constrain 0.2.8

Constrain: Object Constraints for Dart

Build Status Pub Version

Introduction

Provides a constraint based Validation library inspired by Java Bean Validation but leveraging the superior language capabilities of Dart. In particular:

Warning: Runtime Mirrors Used.

Features

  • Class level constraints for cross field validation
  • Property constraints (also via getter)
  • Constraint Inheritance
  • Cascading validation
  • Constraint Groups
  • Constraints can be specified with:
    • Dart functions
    • matchers from the matchers library
  • Detailed constraint violation model
    • with json support
  • Constraints on function parameters and returns
  • Constraints on method parameters and returns with inheritance
  • A core set of common constraints such as Min, Max and Pattern

Usage

Key Concept - Mandatoriness

One of the most important concepts to remember is that all constraints on a property (other than @NotNull) are only applied to a property when its value is not null.

So for example, you may have a constraint that defines what makes an email address valid. You can apply this to optional properties as well as mandatory ones. So for example if you have a mandatory home email and an optional work email you may have something like

class Contacts {
  @NotNull()
  @Ensure(isValidEmail)
  String homeEmail;
  
  @Ensure(isValidEmail)
  String workEmail;
}  

In effect constraints are applied as follows (illustrative only):

  1. if the @NotNull constraint is present apply that
  2. if the value is not null apply all other constraints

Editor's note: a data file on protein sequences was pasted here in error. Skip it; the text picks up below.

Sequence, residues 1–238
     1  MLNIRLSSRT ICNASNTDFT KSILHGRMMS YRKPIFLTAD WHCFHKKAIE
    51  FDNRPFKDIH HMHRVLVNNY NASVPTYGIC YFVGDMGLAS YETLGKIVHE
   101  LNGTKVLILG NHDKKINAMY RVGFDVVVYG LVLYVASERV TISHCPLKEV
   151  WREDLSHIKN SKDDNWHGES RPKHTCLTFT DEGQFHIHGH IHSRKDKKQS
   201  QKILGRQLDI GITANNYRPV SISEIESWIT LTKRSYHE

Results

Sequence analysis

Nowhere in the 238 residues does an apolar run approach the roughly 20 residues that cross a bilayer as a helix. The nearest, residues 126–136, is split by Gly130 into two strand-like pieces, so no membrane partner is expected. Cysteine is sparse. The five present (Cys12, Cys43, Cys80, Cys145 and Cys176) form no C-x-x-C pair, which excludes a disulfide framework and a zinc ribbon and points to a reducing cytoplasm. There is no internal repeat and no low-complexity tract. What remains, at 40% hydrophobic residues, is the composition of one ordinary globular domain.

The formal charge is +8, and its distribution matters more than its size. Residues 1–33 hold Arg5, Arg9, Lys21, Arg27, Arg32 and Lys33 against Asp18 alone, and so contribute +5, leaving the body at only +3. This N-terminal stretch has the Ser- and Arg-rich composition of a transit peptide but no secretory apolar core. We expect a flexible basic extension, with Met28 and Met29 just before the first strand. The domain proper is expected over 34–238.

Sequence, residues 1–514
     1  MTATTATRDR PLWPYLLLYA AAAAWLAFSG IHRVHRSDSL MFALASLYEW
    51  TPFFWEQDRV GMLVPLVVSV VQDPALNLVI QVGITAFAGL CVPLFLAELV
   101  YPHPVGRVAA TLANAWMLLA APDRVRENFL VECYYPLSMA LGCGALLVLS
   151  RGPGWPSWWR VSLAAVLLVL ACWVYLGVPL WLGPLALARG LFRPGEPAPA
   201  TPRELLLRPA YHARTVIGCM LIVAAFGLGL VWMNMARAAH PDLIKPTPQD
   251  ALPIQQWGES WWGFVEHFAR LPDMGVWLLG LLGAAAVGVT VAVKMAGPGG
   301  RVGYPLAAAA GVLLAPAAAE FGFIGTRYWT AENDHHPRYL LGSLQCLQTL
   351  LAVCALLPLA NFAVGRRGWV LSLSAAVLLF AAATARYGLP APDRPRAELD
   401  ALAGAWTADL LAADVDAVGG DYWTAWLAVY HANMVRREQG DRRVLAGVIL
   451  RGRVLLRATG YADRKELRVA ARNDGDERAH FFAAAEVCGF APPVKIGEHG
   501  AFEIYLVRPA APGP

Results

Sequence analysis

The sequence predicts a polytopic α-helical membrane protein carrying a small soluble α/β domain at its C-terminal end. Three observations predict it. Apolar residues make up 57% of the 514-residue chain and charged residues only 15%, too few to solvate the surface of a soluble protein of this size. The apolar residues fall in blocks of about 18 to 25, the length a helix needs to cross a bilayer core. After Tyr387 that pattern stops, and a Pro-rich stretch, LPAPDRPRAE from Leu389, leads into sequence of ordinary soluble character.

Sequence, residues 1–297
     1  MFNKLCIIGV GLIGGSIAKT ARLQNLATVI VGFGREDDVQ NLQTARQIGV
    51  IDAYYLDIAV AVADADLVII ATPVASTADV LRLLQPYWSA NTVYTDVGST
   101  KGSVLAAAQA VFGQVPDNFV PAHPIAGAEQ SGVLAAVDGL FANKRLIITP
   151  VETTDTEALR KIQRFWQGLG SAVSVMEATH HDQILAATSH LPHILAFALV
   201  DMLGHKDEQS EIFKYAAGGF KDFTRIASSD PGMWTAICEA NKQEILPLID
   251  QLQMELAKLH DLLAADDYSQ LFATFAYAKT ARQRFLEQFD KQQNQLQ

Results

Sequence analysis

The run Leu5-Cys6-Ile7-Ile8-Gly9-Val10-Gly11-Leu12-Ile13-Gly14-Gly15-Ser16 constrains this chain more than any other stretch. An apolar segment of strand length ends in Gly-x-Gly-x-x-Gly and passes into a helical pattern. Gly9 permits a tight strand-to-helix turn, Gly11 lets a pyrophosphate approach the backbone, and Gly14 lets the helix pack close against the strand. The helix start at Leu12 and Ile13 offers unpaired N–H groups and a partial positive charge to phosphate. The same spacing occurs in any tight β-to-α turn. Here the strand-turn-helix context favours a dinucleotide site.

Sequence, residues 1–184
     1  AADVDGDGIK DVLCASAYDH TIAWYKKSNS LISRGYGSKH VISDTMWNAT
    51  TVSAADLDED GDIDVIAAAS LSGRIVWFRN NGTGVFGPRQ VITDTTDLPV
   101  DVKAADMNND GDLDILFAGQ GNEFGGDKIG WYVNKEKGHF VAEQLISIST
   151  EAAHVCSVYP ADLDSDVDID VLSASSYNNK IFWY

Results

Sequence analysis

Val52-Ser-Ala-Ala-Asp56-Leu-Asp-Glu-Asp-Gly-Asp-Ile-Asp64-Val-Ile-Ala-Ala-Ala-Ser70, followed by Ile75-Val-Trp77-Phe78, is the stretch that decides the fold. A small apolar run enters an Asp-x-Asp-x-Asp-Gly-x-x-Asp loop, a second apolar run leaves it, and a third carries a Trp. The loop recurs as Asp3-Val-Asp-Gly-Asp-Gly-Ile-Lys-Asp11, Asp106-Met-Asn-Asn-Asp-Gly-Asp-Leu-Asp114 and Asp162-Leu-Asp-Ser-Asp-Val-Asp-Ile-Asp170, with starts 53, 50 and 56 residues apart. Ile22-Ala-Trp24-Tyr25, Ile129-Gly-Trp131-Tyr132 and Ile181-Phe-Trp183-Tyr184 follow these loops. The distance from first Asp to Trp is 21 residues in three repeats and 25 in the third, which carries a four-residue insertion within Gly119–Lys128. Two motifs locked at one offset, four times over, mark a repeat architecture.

So in the case of Contacts the homeEmail property must have a value and it must satisfy isValidEmail. However, workEmail is valid if it is null, but if it does have a value it must also satisfy isValidEmail.

Define Constraints On Your Objects

Note: It is recommended that you use one of the core constraints when one exists for your need. This will allow you to take advantage of packages that may be built in the future such as code generators from JSON schema that support them. See the section on Core Constraints below

The following (rather contrived) example illustrates several features of constraints, which are described below.

class Primate {
  @Ensure(isPositive)
  int age;
}

@Ensure(eitherOlderThan20OrHasAtLeastTwoAddresses,
    description: 'Must be either older than twenty or have at least two adresses')
class Person extends Primate {
  @Ensure(isBetween10and90)
  int get age => super.age;

  @NotNull()
  @Ensure(allStreetsStartWith15, group: const Detailed())
  List<Address> addresses;

  @Ensure(cantBeYourOwnParent,
      description: "A person cannot be their own parent")
  Set<Person> parents;


  String toString() => 'Person[age: $age, addressses: $addresses]';
}

class Address {
  @Ensure(streetIsAtLeast10Characters)
  String street;

  String toString() => 'Address[street: $street]';
}

Matcher Constraints

The first constraint we see is on the Primate's age property

  @Ensure(isPositive)
  int age;

isPositive is a const matcher that comes with the matcher library. In short a primate's age will satisfy this constraint if it is greater than 0.

Using matchers is a common way to specify constraints. When matcher based constraints are violated they provide details about what went wrong.